We hear her little coos from the monitor, her way of soothing herself to sleep at night. At seven months old we’re teaching her to sleep independently, and she’s done so great. It’s as if she’s saying, “Yes, mommy, I like peace and quiet, too.”
My husband and I smile when we hear her. I’ve got a glass of red, he’s got March Madness.
“Do you ever think about her dying?” I ask. She’s not sick. She doesn’t have cancer or one of the eleventy billion genetic disorders you learn about during pregnancy. She hasn’t even had a cold yet. So I’m trying to gauge if this is my post-partum anxiety speaking or if it’s just part of being a parent.
“Yes, actually, I do,” he replies.
Oh. So it’s the latter.
Everyone warns you about the worry that comes with being a parent. You worry about them falling, about them sticking their finger in a light socket (what is a light socket, even?), about them getting their feelings hurt by Sassy Sally in the second grade.
But no one tells you about the quiet moments where you’re studying their little features: the way the tips of her fingers are redder than the rest of her hand, the way she scrunches her nose when she smiles, the way her belly button looks like an upside-down smiley face—no one tells you that when you’re studying them, you’re begging for them to imprint in your memory in case one day they’re gone. Really gone.
It’s too hard to talk about these things, these fears. We talk about our babies growing up, “Oh these sweet little toes won’t be around forever because you’re going to grow up and be a big girl with big toes!” But in those quiet moments, studying their features, we’re begging God to let them grow up. To keep them safe. To not let them die.
I start crying. My husband mutes the TV. I’m overwhelmed by the fear of my losing my baby. He grabs my hand, “She’s not ours, you know. She never was, and she never will be.”
I know what he’s talking about. She’s God’s child. We have no ownership over her. We only have the distinct honor and privilege of being her parents here on earth. “We just have to be grateful for the time we have with her until she’s gone, or hopefully, until we’re gone. God has a purpose for her life here until she’s back home with Him.”
No one warns you about these conversations. No one prepares you for the anger you have at this truth, that they’re not really yours and that one day she will go home to her Father. You can only protect them from so much, Mama Bear.
I think about how brave she’s been in these first seven months of her life. The trauma of being born, the shots, the painful reflux, the learning about the world and that mommy and daddy willcomebackwepromise! How stinking resilient she is, how resilient all children are. And I think about how very not brave I’ve been. How very scared. How very not resilient.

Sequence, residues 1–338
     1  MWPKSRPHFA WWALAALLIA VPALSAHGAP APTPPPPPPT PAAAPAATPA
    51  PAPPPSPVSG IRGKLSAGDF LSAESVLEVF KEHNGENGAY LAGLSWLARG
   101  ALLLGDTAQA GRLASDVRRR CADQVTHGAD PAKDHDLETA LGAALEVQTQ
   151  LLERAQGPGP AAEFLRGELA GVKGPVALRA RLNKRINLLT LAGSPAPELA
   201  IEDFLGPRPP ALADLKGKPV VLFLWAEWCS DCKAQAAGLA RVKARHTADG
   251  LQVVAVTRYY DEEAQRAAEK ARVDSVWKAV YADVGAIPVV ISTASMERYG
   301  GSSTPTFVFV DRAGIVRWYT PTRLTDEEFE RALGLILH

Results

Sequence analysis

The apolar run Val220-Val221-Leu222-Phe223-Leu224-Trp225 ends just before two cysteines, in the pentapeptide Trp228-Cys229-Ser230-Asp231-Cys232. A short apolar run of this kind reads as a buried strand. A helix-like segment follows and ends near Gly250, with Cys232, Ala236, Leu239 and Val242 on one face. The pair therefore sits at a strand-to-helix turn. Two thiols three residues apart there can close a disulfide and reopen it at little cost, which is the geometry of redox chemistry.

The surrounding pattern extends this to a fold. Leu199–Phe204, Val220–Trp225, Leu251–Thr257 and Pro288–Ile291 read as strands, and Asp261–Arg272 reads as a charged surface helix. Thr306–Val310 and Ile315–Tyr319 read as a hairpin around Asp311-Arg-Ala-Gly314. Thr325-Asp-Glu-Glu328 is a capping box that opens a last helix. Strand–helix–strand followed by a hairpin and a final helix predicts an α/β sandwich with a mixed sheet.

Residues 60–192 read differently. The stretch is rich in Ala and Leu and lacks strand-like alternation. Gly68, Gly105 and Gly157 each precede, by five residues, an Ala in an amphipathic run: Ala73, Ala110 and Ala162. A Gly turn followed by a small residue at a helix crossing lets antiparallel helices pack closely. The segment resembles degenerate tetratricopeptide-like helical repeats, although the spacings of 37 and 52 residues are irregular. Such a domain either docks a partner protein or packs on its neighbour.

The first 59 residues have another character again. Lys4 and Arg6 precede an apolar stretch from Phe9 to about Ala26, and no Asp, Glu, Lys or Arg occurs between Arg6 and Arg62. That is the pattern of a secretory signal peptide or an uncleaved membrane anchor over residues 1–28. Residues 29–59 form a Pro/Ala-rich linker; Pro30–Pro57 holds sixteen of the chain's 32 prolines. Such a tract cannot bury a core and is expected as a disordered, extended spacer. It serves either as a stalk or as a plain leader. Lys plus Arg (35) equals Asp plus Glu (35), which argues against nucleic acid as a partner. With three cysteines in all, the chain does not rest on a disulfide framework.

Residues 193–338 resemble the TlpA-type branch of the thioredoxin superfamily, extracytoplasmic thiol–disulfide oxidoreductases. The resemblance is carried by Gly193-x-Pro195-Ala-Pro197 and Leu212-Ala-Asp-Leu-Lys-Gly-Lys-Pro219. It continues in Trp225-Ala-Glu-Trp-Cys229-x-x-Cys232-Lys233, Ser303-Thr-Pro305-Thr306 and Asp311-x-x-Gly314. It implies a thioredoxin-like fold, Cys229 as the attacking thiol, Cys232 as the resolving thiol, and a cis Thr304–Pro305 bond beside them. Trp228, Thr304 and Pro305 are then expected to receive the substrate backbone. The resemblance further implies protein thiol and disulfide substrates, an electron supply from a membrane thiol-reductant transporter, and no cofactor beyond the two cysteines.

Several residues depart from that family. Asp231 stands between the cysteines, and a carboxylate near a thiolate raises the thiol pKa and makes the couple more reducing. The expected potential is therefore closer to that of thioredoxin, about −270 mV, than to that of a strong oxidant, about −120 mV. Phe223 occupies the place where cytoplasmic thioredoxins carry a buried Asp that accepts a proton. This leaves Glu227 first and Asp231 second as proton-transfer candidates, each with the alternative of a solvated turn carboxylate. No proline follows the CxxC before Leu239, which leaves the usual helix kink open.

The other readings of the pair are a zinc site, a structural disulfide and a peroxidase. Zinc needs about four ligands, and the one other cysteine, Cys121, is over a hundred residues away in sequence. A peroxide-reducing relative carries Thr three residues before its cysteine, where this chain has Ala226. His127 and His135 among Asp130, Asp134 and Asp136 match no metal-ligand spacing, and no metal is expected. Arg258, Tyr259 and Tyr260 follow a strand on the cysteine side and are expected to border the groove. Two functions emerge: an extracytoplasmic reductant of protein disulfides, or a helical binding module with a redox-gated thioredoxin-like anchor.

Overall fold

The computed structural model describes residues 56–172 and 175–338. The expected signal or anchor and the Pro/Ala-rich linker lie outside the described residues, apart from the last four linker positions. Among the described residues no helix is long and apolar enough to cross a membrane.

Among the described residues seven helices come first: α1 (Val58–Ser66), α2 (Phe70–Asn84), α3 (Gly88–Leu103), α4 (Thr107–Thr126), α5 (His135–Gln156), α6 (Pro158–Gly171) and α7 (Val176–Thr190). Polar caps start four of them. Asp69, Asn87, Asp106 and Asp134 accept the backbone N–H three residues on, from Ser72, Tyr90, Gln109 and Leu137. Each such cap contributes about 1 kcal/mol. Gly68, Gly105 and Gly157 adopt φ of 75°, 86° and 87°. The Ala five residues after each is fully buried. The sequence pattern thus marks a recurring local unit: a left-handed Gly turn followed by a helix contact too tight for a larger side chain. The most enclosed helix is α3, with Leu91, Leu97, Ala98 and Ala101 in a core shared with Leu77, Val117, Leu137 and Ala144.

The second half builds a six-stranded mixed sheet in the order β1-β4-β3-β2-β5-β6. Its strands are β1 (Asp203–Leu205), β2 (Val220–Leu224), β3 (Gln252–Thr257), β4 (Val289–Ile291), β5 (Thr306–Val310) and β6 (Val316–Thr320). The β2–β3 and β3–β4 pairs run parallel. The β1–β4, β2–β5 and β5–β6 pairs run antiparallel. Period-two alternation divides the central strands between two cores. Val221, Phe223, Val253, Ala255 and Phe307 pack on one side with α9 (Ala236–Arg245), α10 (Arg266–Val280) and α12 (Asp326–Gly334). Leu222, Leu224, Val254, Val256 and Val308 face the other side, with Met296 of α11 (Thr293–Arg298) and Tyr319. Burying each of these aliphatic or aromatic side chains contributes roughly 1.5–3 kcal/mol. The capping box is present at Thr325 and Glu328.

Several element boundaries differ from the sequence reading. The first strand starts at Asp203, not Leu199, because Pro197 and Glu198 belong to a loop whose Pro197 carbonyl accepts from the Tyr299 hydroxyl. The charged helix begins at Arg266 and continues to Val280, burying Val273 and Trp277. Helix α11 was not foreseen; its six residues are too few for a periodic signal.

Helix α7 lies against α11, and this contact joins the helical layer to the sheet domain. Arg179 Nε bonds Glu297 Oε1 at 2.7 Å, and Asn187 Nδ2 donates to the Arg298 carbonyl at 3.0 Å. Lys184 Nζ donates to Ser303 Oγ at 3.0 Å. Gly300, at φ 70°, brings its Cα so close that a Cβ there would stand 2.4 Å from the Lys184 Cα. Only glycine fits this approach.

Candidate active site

It’s so backwards, isn’t it? Shouldn’t we be armed with resiliency as adults? I’d love a big glass of toughness with a side of quick-to-recover and roll-with-the-punches when I sit here thinking about my baby girl dying and what that would be like.
I sit with these fears and try and plan for how I can prevent them. The measures I can take to protect my children from the destructive hands of death. The food I feed, the car seats I choose, the cribs, the safe sleep, the germs, the watchful eye, the GPS.
But she’s not immune, and I can only do so much. And that’s scary. It just is. There aren’t words to soothe that fear, there aren’t classes I can take or books I can read. But I must remind myself: it’s okay to be afraid of that. It’s all right to just sit with that fear, studying her toes and her wisps of hair and how she kind of snort-coughs in her sleep.
Because she’s not really mine. She’s His. And as scary as that is, it really should be the most comforting thing in the world because His love is greater. His love knows no end, no beginning. He formed her in my womb and He calls her His own.
And guess what? He calls us His own, too. He knows our mama hearts. He knows we’re scared and would do anything to protect our sweet babies. We’re His daughters, and He is holding just as tightly to us as He is our babies.
So let’s study their features. Let’s hold them tight. Let’s face the fear head on, knowing that we have the God of Angel Armies by our side, regardless of the way our story, and the story of our babies, writes itself.